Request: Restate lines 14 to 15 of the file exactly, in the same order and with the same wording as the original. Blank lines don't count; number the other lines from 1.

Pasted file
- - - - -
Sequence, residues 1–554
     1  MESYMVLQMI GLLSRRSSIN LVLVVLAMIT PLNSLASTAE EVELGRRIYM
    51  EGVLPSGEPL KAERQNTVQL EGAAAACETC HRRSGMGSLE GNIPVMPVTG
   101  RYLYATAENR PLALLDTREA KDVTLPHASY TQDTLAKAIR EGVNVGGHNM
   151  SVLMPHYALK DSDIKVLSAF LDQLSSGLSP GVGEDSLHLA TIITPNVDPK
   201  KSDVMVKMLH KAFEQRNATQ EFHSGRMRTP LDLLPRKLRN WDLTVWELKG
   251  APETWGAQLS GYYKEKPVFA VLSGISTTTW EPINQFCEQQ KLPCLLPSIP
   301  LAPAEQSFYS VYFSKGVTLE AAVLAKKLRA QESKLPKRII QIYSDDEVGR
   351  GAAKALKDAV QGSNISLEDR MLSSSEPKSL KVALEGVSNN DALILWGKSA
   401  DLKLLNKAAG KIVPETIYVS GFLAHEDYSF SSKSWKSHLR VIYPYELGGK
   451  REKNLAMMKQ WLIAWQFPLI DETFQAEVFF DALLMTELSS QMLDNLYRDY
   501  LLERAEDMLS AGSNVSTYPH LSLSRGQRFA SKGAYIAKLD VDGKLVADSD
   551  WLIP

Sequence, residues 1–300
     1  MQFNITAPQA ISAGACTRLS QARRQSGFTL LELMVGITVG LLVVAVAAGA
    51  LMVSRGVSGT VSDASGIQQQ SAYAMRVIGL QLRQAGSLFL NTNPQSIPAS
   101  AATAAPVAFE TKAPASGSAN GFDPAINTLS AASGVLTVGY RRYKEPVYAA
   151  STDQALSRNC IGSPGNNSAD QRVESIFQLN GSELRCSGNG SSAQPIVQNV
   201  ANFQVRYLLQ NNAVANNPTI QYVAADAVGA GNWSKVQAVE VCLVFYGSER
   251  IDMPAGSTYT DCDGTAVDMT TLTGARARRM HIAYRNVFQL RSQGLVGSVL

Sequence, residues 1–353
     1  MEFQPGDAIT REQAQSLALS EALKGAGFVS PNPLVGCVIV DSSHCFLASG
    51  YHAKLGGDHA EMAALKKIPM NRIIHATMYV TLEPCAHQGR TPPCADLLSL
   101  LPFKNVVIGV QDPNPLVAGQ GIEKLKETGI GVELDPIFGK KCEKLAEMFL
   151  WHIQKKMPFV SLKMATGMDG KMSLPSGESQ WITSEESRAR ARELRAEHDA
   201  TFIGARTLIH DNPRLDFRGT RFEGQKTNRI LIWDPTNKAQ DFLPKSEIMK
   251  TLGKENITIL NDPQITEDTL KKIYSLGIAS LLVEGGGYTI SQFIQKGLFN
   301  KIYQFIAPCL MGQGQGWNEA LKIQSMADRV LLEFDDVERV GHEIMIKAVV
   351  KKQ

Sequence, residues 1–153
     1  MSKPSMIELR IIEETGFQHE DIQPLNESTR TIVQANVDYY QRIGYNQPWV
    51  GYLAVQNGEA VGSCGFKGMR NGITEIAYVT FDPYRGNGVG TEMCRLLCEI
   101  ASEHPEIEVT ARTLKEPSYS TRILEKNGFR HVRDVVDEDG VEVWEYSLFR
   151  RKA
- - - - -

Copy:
Sequence, residues 1–300
     1  MQFNITAPQA ISAGACTRLS QARRQSGFTL LELMVGITVG LLVVAVAAGA